The STCW Convention

International Convention on Standards of Training, Certification and Watchkeeping for Seafarers - an agreement that sets binding minimum worldwide standards for the training of seafarers.
Adopted by the IMO (International Maritime Organization) in 1978, entered the Federal Republic of Germany 1984.
The current version is STCW 95

The consensus definition of international standards was designed to protect human life and property at sea and to protect the marine environment. Numerous different national qualifications were unified by little.

The Convention applies to seafarers working on ships flying the flag of a State to which the Convention entered into force. It also applies to vessels from other flag states when they call at the port of a STCW-state.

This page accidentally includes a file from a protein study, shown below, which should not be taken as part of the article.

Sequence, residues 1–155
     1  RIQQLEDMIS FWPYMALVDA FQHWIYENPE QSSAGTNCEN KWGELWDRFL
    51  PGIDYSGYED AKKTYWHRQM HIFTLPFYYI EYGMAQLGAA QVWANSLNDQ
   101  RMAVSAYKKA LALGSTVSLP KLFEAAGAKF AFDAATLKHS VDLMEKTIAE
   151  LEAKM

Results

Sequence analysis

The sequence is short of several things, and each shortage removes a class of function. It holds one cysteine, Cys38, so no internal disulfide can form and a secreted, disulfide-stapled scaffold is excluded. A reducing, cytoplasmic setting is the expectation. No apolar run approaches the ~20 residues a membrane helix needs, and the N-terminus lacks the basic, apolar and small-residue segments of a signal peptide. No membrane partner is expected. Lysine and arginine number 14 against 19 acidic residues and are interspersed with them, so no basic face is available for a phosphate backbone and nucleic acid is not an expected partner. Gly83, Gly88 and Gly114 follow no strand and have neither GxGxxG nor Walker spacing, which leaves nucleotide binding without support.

The Convention consists of the Convention and the Code. The practical content has been designed as appendix - part A mandatory, part B recommendatory. The mandatory rules for the training content are written in 8 chapters:

Chapter I of the Convention provides definitions and clarifications.
Chapter II defines mandatory minimum requirements for the master and the deck area.
Chapter III deals with the technical area on board.
Chapter IV provides for the radio traffic and the demands on the radio staff.
Chapter V contains special training requirements for personnel on certain types of ships such as tankers, ro-ro passenger ships and passenger ships.
Chapter VI includes tasks related to emergency, safety, medical care and survival measures.
Chapter VII contains provisions on other certificates and Chapter
Chapter VIII rules to guard duty.

Maritime education and training landscape go under future trends. This fact is supported by a regular review and adjustment account. The changes are then to be found in the appendices. A review was held recently in June 2010 at a conference in Manila, Philippines.

Important certificates from Chapter VI